5. A Multigrid Algorithm. The solution procedure involves minimizing F over an appropriate subspace of V: To accomplish this, a Rayleigh-Ritz finite element method is employed in the spatial discretization. Let [T.sub.h] be a triangulation of domain R into elements of maximal length h = max {diam(K) : K [member of] [T.sub.h]}, and let [V.sup.h] be a finite dimensional subspace of V having the approximation property


for all v [member of] [[H.sup.2](R) x [L.sup.2]([S.sup.2])]. The [P.sub.n] - h finite element space is then


The discrete fine grid minimization problem is

* Find [[psi].sup.h.sub.N] [member of] V[[psi].sup.h.sub.N] such that


Equivalently, the discrete problem is

* Find [[psi].sup.h.sub.N] [member of] V[[psi].sup.h.sub.N] such that


for all [v.sup.h.sub.N] [member of] V[[psi].sup.h.sub.N].

(Although one actually solves for the moments [[psi].sup.h.sub.lm], we will not make this notational distinction in the algorithm.)

A standard projection multilevel scheme for solving either discrete problem is fairly straightforward. Let


be a conforming sequence of coarsenings of triangulation [T.sub.h]; let

[V.sup.m.sub.N] [subset] [V.sup.m-1.sub.N] [subset] ... [subset] [V.sup.2.sub.N] [subset] [V.sup.1.sub.N]: [V.sup.h.sub.N]

be a set of nested coarse grid subspaces of [V.sup.1.sub.N] N; the finest subspace, and let

[B.sup.j] = {[b.sup.j.sub.v,lm]}

be a suitable (generally local in space) basis set for V j N: (For example, [b.sup.j.sub.v,lm] = [b.sup.j.sub.v][Y.sub.lm], where [b.sup.j.sub.v] is the standard piecewise linear hat function.) Given an initial approximation [[psi].sup.h.sub.N] on level j, the level j relaxation sweep consists of the following cycle

* for each v = 1, 2, ..., [M.sub.j], ([M.sub.j] being the number of spatial nodes on grid j) for each lm; 0 [less than or equal to] l [less than or equal to] N, -l [less than or equal to] m [less than or equal to] l;

[[psi].sup.h.sub.N] [left arrow][[psi].sup.h.sub.N] + [alpha][b.sup.j.sub.v,lm],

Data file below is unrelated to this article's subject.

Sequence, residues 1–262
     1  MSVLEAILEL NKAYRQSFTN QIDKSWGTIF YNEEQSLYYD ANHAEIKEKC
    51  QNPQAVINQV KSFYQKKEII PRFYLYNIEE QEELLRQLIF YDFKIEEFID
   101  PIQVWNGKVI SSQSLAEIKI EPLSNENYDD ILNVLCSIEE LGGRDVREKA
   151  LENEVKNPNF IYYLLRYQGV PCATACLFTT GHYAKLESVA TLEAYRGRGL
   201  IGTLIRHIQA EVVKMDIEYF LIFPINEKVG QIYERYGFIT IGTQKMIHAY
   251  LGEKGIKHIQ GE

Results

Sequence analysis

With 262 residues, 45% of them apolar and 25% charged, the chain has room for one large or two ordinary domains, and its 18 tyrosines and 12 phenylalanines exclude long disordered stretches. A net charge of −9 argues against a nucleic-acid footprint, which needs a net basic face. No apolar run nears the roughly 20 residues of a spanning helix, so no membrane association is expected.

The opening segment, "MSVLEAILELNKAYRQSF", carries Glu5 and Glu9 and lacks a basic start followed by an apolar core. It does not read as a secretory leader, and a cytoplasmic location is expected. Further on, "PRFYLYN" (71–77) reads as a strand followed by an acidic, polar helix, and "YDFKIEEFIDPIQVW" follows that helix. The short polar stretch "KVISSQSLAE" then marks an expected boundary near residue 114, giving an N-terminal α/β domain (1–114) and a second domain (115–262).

where [alpha] is chosen to minimize

(5.1) F ([[psi].sup.h.sub.N] + [alpha][b.sup.j.sub.v,lm], q, g). (5.1)

Since F ([[psi].sup.h.sub.N] + [b.sup.j.sub.v,lm]; q, g) is a quadratic function in [alpha], this local minimization process is simple, and is, in fact, a Gauss-Seidel iteration. Moreover, note that the loops range over the moments first so that all moments are updated at a fixed spatial node before going onto the next spatial node. Note also that the search direction may involve more than one element of [B.sup.j]: For such subspace iteration, denoting the direction by [b.sup.j.sub.v], one then needs to find [alpha] that minimizes

F ([[psi].sup.h.sub.N] + [alpha][b.sup.j.sub.v];q, g).

A good choice for [b.sup.j.sub.v] is the subset

{[b.sup.j.sub.v] [Y.sub.lm] : 0 [less than or equal to] l [less than or equal to] N, -l [less than or equal to] m [less than or equal to] l, v fixed}

which results in a block Gauss-Seidel iteration that simultaneously updates all the moments at node v.

Now, given a fine grid approximation [[psi].sup.h.sub.N] on level 1, the level [member of] coarse grid problem is to find a correction [psi].sup.2h.sub.N] such that


Having obtained this correction, [[psi].sup.h.sub.N] is updated according to

[[psi].sup.h.sub.N] [left arrow] [[psi].sup.h.sub.N] + [[psi].sup.2h.sub.N].

Applying this procedure recursively yields a multilevel scheme in the usual way.

Away from the thick diffusive regime and for homogeneous material, this multigrid algorithm has the usual optimal multigrid efficiency. But for inhomogeneous materials even in the thin diffusive regime, when the material and scaling coefficients have fine-scale structure, the computational efficiency of this algorithm degrades; i.e., to preserve these fine-scale structures on the coarse grid, fine-scale computation is needed on the coarser levels. For a matrix-free implementation, the total cost of this fine-scale coarse grid computation is not nominal. For this reason, these coefficients should be homogenized to coarse-scale resolution and then used on the coarse grid. Coarse grid calculations now can be performed with coarse-scale computation.